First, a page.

New Daily Ticket Limits
Vail Resorts just announced opening dates for its resorts. Keystone kicks off the season’s festivities by opening in October (as soon as its state-of-the-art automated snow-making system gets rolling), followed by the rest of the resorts, depending on conditions.
In addition to reporting opening dates and perhaps more interesting news, Vail also announced plans to limit the number of daily ticketed users at its resorts. This move seems to be a carryover from their experience last year when they limited tickets during holidays (Dec. 25-2, Jan 14-17, Feb. 18-27) and before that during the 20/21 season when mandates ushered in guest reservations. In the release, Vail encouraged their guests to purchase early, explaining,
“Lift tickets will be limited every day, across every resort, during the 2022/23 season in order to preserve the guest experience at each resort. Availability of lift tickets will be visible on resort websites in the coming week. If tickets are sold out online, guests will not be able to purchase them at ticket windows.”
Vail also stated that these new restrictions would not limit Passes like Epic Day Passes and Pass Holder benefits. Neither will the guests who enroll in ski school or the employees and dependents with pass access.
A Point of Contention
Daily ticket limits have always been an increasing point of contention within the ski community. Complaints about overcrowding problems in previous years led Ikon to initiate reservations last year at some of their resorts. Some of Ikon’s biggest and most popular resorts will also require reservations this year.
As skiing has increased in popularity over the past few years, it’s not surprising to see the skiing experience suffer. Overcrowding problems like jammed full parking lots, super long lift lines, skier congestion on the mountain, and generally poor customer service result in a less satisfactory guest experience.
Vail Resorts’ Solution
Resorts are aware of the crowding (at least to some extent). Sitting on an estimated $2.2 billion they intend to deploy over the next 15 years, Vail now appears ready to do something about it. This season Vail Resorts committed a company-record single investment of $300 million that immediately funds Vail’s Epic Lift Upgrade, a series of projects across a dozen resorts to include the additions of “nine new high-speed chairlifts, a new high-speed gondola, eight new fixed-grip chairlifts, and an upgraded restaurant.”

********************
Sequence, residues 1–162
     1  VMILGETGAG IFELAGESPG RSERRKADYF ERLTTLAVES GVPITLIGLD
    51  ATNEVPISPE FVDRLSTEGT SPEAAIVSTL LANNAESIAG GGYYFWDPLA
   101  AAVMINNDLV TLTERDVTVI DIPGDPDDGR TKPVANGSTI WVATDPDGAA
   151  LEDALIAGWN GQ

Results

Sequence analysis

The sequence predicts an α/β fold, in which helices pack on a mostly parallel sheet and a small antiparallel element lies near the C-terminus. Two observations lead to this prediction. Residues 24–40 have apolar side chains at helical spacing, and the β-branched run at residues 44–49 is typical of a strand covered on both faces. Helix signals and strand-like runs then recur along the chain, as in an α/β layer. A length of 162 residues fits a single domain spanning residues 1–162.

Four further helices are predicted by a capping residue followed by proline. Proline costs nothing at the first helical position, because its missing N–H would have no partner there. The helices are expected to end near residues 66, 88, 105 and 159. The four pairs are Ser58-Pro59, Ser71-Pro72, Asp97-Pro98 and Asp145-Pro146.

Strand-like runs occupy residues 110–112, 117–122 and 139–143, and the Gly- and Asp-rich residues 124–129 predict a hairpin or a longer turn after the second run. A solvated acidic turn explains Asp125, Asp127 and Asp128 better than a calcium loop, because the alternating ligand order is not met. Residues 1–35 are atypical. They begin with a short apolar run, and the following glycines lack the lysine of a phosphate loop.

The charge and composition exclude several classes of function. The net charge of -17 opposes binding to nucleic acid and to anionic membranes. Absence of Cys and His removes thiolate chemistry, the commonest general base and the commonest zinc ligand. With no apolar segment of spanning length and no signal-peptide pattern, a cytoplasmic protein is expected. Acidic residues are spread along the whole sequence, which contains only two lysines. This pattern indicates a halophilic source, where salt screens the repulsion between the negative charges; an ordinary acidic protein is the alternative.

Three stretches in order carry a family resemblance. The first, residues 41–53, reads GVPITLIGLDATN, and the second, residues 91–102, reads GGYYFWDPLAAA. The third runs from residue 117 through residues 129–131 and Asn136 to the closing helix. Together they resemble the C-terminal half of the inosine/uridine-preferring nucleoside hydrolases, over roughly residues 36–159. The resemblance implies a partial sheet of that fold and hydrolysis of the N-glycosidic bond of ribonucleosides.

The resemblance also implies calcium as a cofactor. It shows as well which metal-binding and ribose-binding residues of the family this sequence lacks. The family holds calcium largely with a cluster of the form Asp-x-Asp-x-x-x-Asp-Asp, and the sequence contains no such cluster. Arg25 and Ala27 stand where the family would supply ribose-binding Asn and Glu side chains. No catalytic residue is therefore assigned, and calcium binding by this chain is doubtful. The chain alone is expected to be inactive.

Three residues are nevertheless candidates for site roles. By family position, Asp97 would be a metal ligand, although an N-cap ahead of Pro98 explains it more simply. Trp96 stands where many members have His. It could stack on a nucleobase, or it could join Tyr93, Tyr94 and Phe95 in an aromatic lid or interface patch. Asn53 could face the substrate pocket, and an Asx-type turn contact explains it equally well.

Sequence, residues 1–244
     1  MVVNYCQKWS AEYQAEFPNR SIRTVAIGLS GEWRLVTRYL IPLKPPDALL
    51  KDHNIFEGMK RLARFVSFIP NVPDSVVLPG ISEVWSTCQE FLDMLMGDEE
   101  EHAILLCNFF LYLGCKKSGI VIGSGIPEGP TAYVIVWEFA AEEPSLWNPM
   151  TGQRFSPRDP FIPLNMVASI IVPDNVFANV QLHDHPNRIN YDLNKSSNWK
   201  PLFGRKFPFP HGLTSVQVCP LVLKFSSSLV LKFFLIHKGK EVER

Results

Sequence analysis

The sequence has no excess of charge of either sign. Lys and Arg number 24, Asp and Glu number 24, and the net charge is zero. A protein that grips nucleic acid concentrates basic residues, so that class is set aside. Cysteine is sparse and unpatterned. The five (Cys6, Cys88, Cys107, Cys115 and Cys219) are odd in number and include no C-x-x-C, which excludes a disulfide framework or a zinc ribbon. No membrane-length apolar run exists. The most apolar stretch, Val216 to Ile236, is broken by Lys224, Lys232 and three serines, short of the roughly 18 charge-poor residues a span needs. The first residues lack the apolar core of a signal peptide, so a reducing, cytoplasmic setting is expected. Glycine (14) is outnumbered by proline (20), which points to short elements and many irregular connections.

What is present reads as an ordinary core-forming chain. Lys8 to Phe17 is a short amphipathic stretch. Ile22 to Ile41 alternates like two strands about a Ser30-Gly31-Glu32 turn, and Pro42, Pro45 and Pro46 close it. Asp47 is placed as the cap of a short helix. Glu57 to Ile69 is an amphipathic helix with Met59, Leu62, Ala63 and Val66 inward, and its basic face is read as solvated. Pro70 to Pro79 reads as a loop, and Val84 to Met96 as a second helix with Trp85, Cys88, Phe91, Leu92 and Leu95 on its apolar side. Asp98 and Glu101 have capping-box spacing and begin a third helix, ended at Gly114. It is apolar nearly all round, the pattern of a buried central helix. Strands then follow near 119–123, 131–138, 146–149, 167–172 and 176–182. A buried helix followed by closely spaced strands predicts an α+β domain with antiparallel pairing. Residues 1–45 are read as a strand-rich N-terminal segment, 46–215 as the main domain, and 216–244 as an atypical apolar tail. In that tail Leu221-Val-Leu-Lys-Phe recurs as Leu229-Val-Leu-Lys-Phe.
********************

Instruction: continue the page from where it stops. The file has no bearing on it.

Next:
In accordance with the motto “come for a season, stay for a career” Vail also sunk a $175 million incremental annual investment in its employees as it looks ahead to their retention and long-term development. Vail Resorts CEO Kirsten Lynch said this is part of a larger plan and “new strategic focus” to assist employees with leadership development, affordable housing, investment in human resources, and flexible, remote work hours. This season Vail will introduce a new $20 per hour minimum wage for all employees at all 37 North American Resorts for the 2022/23 season, as well as a $21 per hour minimum wage for patrol, maintenance technicians, and certified commercial vehicle drivers.
In the release, Vail Resorts’ senior vice president of mountain divisions, Bill Rock, had this to say,
“Our team is excited for the snow to start falling and to welcome guests back to ski and ride at our resorts this season. We are deeply committed to providing both our employees and guests with Experience of a Lifetime at our resorts, and we’re excited to share the passion we all have for these mountains we love so much.”
So now, with Vail Resorts officially in the game and following Ikon and limiting daily tickets, it seems this trend is accelerating. No one knows for sure how it’s all going to work. But with how this season is starting to shape up, I think we may find out.
2 thoughts on “Vail Resorts Announces Plans to Limit the Number of Daily Lift Tickets at Every Resort”
Does it really matter if they limit it. Everyone pretty much buys an epic pass already if they’re going to ride a vail resort because a lift ticket is like $200 so it pays itself in like 4 visits. I don’t really see this as a solution to over crowding.
It is way past the time for the ski industry to recognize that each resort has a system capacity and to shut off day ticket sales when that capacity is reached. At Tenney Mountain we determined that by the length of the lift line.in the late 1960’s